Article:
10 Ways We Can Help Each Others As Moms

baby crying

Before you read this, and think I am Mother Teresa, I need to start with a confession. It’s pretty bad.


Screaming babies in church make me crazy. I am so sorry if this offends you. I have honestly prayed about it. I don’t know what to do. I am a mom and my babies have screamed. I have tried tuning it out. I have tried literally praying about it while the screaming is happening. I have done it all. My heart pounds. I feel angry. I feel frustrated. I feel judgy. I want them to get up and take their babies out in the lobby so so bad. Ok, it’s out. I said it.


So, there are times I am incredibly generous and helpful and loving and non-judgy to moms. And then there is that. Please forgive me.


The truth is that we moms need each other. We need each other often. We need way less judgement and way more encouragement. When I do this well and we do this well, I see the sisterhood of motherhood the way God designed it. It’s beautiful.


10 Ways We Can Help Each Other As Moms


1. Silence Is Golden

Don’t ever underestimate, the power of a simple nod or smile. The girl with the screaming toddler or teenager with drama at the table. Just remember, that mom is flat worn out. Give her a smile that says “I am not judging you. Hang in here.” It will leave her with just the impression she needs. That she is not alone. She is not failing.


2. Prayer

I noticed a mom in Chick-fil-A the other day and she had tears pouring. I did NOT feel it was right to interject myself into her day or life. Her head was down and she wasn’t making eye contact. I just starting praying for her right there. It was something I could do. Something we can all do.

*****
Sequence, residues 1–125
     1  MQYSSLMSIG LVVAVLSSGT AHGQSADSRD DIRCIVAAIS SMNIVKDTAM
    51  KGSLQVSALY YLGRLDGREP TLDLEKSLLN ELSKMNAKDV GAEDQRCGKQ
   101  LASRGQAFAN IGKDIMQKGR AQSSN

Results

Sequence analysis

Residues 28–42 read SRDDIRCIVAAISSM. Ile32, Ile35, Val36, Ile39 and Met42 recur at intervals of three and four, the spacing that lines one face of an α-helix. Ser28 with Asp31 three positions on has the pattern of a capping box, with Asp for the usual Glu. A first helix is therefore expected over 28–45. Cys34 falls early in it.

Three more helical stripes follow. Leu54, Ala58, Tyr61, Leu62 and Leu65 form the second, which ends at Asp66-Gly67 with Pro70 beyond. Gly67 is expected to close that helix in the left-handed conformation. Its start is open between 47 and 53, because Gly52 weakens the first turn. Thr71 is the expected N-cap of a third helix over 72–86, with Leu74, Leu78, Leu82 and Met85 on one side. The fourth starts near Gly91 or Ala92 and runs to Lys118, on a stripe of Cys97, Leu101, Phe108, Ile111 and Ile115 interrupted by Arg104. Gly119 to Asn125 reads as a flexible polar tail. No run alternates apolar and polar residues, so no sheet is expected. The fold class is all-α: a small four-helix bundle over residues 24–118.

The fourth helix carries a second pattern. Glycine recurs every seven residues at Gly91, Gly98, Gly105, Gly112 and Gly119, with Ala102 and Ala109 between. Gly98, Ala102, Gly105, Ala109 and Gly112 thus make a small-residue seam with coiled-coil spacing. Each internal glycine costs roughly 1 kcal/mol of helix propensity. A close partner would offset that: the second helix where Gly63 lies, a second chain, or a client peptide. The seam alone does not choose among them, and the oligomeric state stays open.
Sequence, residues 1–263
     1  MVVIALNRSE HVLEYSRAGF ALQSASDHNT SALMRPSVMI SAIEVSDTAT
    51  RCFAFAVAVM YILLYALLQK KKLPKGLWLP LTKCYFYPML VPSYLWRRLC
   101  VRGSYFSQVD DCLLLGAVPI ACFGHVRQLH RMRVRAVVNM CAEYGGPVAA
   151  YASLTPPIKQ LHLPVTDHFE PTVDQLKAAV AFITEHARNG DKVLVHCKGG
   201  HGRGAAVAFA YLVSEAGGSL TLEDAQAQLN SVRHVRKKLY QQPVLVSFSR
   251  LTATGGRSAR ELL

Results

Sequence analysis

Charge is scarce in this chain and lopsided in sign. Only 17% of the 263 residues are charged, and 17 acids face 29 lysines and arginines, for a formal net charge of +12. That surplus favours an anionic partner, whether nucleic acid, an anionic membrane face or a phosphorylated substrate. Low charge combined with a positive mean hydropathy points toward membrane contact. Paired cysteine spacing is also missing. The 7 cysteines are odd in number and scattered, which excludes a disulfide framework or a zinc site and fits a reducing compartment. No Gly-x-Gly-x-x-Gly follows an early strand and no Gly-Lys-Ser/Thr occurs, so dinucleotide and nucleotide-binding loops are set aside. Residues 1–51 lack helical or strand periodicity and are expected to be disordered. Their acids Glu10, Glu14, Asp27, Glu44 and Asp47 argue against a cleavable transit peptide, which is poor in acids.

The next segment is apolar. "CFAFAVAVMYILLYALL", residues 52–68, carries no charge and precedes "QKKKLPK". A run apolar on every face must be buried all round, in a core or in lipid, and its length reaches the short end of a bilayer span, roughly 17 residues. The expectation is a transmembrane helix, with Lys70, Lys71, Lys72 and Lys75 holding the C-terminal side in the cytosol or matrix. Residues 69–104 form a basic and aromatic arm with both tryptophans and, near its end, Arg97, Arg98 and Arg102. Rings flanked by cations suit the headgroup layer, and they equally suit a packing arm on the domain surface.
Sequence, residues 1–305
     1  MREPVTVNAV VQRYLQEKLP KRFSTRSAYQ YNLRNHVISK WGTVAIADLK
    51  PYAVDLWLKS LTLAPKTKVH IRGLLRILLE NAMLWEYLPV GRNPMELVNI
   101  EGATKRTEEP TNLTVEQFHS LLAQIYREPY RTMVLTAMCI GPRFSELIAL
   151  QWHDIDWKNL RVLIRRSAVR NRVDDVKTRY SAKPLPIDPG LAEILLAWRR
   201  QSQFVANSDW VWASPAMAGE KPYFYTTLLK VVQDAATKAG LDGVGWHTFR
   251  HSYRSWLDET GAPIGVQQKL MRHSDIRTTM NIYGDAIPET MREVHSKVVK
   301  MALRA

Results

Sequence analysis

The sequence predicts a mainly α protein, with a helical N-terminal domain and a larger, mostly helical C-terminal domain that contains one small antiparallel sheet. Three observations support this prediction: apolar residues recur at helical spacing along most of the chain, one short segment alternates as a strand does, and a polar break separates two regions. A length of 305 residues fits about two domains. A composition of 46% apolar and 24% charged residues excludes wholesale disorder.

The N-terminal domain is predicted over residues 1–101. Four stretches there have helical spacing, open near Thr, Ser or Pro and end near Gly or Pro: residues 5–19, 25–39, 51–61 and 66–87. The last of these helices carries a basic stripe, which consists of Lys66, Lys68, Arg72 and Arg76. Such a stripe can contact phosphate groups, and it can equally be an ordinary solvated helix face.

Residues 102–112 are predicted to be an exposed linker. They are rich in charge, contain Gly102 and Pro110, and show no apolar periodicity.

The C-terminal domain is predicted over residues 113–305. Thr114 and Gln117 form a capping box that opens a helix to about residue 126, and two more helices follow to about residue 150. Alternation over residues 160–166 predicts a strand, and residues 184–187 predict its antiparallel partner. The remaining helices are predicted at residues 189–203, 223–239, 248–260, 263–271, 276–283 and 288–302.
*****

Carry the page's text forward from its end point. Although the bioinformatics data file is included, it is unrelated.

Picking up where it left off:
Mom soothes a crying baby

3. Less Judgment

I try to remind myself of this every time I hear a baby screaming in church. What if this was her first time back? What if she needed to hear the message way more than me? What if the screaming toddler in the restaurant was sick? What if the mom had a newborn and just tried to get out for the first time in weeks? We don’t know anyone’s story and if we did – we’d probably cry with each other instead of rolling our eyes.


4. More Encouragement

I find myself doing this all of the time. I give unsolicited feedback or advice. Kind of like this blog post. Who asked you lady? You know what is received well everytime? Sincere encouragement! No one wants advice from a stranger “enjoy these years, they will go fast” or “Have you tried a pacifier?” Just smile and say, “She sure is cute!” Or, “You are doing a great job!” Just yesterday, I saw a mom with a screaming toddler at Panera Bread – we exchanged the sweetest smiles. I wanted her to know that I wasn’t judging her and she was going to make it. When I was walking out, I could see her head sinking so low. When I got to the car, I wrote this note and went back in and slipped it on her table and just ran out.